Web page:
You know what that line follows. “I already have” is a cliche answer, and sickeningly so. But I’m not one to say you can never say a cliche line or use a cliche concept because to say so would be wrong. If I did expressly forbid use of “I already have”, I myself already can think of an exception – maybe your villain is slightly genre savvy and has been dying to use that phrase.
But I have problems with this phrase because villains are getting antsier and antsier about using it. I mean I get that pride tends to be a big issue with villains but counting one’s chickens before they’ve hatched is foolishness and villains should not be foolish. So while a villain may count on his plan working out and everything is in motion and the whole thing will be working like clockwork…no. No it isn’t. And your villain should know, accurately, when the Point of No Return is and not act like he’s past it when he isn’t because if he does, he’ll over-look that tiny bit of tar hanging out on one of the gears of his clockwork that will gum up the works and ruin everything.
What I’m getting at here is that your villain shouldn’t say “I already have” when he hasn’t. I’d like to use a recent and popular example:
You know when Hans has actually gotten away with his plan? WHEN ANNA AND ELSA WERE BOTH DEAD AND HE WAS CROWNED. That is when he’d gotten away with it. While Anna is still alive, he hasn’t gotten away with it. Just because he thinks she’s going to perish doesn’t mean that there isn’t some miraculous way she won’t – and the way she doesn’t perish in that room isn’t even all that miraculous (point that a living snowman is a miracle aside ‘cuz Disney movie). Her friend came and helped to save her, woo surprise.
But even if it was a safe bet that Hans had put Anna on ice (haha I’m so funny guys) there were still several steps left in Hans’ plan. I think if he was going to tell anyone “I already have” is if Elsa had somehow been in an incapacitated position and all that was left was for Hans to kill her and return – he could be saying it then as he stabbed Elsa. That would be appropriate.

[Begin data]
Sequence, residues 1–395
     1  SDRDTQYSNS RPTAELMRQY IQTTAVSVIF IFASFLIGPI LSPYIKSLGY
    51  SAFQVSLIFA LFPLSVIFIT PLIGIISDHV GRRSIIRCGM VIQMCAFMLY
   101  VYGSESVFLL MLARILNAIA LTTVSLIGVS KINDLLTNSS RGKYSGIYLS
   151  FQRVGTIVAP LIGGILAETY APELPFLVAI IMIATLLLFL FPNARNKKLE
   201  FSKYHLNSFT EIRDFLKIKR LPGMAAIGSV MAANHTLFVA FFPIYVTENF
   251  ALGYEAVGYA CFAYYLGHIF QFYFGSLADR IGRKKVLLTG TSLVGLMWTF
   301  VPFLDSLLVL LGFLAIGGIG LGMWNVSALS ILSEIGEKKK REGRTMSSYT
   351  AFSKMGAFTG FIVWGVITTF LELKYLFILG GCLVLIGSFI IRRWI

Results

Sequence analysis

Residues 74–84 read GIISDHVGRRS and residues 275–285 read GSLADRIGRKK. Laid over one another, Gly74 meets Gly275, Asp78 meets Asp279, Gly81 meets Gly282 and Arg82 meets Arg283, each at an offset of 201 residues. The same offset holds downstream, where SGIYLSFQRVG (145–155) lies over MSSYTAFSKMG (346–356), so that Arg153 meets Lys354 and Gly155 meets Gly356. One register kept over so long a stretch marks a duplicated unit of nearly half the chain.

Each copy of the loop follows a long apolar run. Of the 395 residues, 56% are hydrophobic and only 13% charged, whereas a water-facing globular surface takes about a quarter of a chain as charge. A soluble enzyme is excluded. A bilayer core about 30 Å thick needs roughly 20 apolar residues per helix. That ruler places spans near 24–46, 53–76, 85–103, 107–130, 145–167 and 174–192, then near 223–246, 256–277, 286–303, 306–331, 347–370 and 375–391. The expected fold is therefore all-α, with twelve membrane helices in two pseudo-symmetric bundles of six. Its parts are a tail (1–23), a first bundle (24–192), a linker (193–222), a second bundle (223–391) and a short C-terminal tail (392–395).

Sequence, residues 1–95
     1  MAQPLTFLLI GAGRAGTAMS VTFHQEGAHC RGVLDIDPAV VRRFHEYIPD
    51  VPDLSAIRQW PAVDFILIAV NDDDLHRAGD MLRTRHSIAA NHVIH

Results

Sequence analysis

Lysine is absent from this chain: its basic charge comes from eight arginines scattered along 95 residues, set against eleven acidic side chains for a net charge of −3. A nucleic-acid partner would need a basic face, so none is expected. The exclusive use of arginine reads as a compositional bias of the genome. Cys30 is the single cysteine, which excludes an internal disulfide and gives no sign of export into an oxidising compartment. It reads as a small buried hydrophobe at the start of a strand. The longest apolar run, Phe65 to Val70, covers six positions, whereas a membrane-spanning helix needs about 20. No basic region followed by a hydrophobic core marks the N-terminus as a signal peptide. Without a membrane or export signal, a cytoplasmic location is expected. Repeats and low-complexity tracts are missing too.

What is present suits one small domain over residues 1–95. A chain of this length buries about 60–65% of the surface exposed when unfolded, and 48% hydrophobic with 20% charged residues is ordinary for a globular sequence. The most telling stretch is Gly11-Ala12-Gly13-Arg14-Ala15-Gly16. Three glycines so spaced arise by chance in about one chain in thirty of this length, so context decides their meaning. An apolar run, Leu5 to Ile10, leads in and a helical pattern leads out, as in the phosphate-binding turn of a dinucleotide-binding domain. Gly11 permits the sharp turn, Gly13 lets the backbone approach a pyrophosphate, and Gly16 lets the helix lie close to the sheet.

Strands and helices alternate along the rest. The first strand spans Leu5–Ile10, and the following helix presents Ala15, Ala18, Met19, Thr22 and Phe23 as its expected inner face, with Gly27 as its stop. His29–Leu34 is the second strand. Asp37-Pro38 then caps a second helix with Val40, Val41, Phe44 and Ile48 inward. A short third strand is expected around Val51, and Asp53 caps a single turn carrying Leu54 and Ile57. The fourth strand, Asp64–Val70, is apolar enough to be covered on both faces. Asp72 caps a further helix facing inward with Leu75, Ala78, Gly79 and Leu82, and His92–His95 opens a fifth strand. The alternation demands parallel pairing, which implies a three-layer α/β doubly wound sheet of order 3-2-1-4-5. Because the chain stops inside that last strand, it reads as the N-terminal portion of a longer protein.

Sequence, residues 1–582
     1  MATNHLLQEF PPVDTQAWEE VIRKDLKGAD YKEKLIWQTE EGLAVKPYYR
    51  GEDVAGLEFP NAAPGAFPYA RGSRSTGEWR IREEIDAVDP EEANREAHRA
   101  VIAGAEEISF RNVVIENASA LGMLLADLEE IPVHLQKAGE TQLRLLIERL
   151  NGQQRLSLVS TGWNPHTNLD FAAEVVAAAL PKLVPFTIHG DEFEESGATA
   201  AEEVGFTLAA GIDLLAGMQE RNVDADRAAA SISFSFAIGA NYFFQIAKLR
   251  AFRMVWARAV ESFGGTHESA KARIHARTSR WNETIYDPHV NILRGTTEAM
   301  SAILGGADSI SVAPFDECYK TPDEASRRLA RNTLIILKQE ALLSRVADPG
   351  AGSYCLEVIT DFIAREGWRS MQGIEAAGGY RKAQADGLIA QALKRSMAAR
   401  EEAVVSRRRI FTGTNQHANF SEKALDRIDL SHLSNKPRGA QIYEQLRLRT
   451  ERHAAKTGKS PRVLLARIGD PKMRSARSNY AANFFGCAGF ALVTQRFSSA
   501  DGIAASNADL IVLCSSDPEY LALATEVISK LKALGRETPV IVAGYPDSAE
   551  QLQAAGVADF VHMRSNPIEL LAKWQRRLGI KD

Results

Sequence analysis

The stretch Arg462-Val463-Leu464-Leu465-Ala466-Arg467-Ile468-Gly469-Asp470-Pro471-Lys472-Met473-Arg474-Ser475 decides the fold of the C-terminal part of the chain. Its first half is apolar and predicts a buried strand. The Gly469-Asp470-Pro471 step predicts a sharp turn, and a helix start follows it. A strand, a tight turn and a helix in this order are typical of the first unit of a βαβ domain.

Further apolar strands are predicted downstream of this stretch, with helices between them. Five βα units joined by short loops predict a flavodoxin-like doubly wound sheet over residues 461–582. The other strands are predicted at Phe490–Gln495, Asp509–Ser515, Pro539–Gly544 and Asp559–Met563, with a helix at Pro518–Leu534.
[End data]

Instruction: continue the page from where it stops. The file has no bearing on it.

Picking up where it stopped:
You know who actually already did when they said so? Doris from Meet the Robinsons.
You know whose line was far more terrifying and potent? The hat’s. My feelings as Hans said the line was something along the lines of, “Really? That’s what he’s going with? Ugh [eyeroll].” That was in addition to what I’ve already said, of “No you haven’t either gotten away with it yet” thoughts. My feelings about Doris’ use of the phrase? It’s the caption to that picture. Time continuum whatevers aside, that was a pretty terrifyingly excellent use.
So I will not tell you that your hero may never say, “You’ll never get away with this!” because cliche as it is, when the villain is leaving and you’re angry, you really want to just shout something at him but he’s winning so you can’t think of anything else but, “You’ll never get away with this!” And I won’t tell you that your villain can’t respond, “Oh, Hero…I already have.” But please, please, if your villain says that, make sure that he actually already has gotten away with it.
Hey, aside update: I’m still working on the Villain Sue test, I haven’t forgotten, promise. It’s still just having to take second place to my life.